Apache Spark 2.0 introduced Structured Steaming, a new stream processing engine built on Spark SQL that revolutionized how developers can write stream processing applications without having to reason streaming. Structured Streaming allows you to express your streaming computations the same way you would express a batch computation on static data. The Spark SQL engine takes care of running it incrementally and continuously updating the final result as streaming data continues to arrive. It truly unifies batch, streaming, and interactive processing in the same Datasets/DataFrames API and the same optimized Spark SQL processing engine.
The initial alpha release of Structured Streaming in Apache Spark 2.0 introduced the basic aggregation APIs and files as streaming source and sink. Since then, the Spark team has focused its efforts on making the engine ready for production use. Michael Armbrust and Tathagata Das outline the major features of Structured Streaming, recipes for using them in production, and plans for new features in future releases.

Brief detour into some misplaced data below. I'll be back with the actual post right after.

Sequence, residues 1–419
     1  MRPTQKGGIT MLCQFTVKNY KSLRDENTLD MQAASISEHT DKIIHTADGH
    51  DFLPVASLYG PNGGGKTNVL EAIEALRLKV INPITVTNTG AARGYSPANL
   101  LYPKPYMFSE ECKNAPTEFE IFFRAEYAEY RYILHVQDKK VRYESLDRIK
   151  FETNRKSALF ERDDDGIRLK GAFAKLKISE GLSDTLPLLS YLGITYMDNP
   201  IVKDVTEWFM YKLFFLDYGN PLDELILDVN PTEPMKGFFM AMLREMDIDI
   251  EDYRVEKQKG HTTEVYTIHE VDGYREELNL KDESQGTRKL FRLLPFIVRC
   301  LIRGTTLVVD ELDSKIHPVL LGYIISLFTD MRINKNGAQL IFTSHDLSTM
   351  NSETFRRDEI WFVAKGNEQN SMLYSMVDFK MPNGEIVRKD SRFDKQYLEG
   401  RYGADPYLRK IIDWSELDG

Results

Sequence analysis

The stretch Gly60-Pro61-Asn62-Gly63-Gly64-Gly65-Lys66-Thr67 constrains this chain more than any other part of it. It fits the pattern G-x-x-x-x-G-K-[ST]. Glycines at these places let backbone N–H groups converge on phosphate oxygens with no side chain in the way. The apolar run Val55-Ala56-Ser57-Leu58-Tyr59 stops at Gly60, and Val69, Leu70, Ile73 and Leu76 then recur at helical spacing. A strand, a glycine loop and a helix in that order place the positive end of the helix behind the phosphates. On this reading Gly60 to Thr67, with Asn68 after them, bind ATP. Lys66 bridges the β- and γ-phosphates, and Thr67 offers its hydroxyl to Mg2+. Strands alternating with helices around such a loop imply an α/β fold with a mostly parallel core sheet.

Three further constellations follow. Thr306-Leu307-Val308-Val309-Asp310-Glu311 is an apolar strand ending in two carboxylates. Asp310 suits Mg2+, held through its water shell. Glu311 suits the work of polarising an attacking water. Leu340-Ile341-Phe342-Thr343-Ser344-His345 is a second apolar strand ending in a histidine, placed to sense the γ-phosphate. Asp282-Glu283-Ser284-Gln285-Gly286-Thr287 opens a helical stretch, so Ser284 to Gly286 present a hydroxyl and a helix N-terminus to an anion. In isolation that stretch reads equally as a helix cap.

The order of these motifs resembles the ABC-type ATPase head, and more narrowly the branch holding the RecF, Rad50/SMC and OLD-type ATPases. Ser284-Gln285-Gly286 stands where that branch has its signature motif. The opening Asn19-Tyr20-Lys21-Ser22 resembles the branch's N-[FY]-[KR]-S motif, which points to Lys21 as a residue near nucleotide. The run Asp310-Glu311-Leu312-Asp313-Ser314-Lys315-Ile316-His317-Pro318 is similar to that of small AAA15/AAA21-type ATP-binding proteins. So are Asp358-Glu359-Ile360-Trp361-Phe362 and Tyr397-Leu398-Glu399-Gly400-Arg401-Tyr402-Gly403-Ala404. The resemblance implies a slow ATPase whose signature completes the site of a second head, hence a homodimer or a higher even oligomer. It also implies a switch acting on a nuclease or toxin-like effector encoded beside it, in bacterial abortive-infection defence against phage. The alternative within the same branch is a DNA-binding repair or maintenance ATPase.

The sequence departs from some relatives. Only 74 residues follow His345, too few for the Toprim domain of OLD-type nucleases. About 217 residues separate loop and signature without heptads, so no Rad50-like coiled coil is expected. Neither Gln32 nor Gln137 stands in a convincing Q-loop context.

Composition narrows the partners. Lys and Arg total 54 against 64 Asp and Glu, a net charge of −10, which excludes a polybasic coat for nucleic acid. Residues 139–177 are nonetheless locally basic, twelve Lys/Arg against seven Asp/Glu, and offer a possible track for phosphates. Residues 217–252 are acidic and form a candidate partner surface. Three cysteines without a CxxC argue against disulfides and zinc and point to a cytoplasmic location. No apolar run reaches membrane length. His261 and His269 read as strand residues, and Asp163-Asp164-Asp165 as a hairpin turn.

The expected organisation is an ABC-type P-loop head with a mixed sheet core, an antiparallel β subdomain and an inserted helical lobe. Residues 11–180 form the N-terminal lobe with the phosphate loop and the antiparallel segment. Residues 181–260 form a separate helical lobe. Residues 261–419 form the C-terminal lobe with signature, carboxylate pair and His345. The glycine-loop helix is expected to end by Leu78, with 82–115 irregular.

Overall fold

Michael Armbrust is the lead developer of the Spark SQL and Structured Streaming projects at Databricks. Michael’s interests broadly include distributed systems, large-scale structured storage, and query optimization. Michael holds a PhD from UC Berkeley, where his thesis focused on building systems that allow developers to rapidly build scalable interactive applications and specifically defined the notion of scale independence.
Tathagata Das is an Apache Spark committer and a member of the PMC. He is the lead developer behind Spark Streaming, which he started while a PhD student in the UC Berkeley AMPLab, and is currently employed at Databricks. Prior to Databricks, Tathagata worked at the AMPLab, conducting research about data-center frameworks and networks with Scott Shenker and Ion Stoica.
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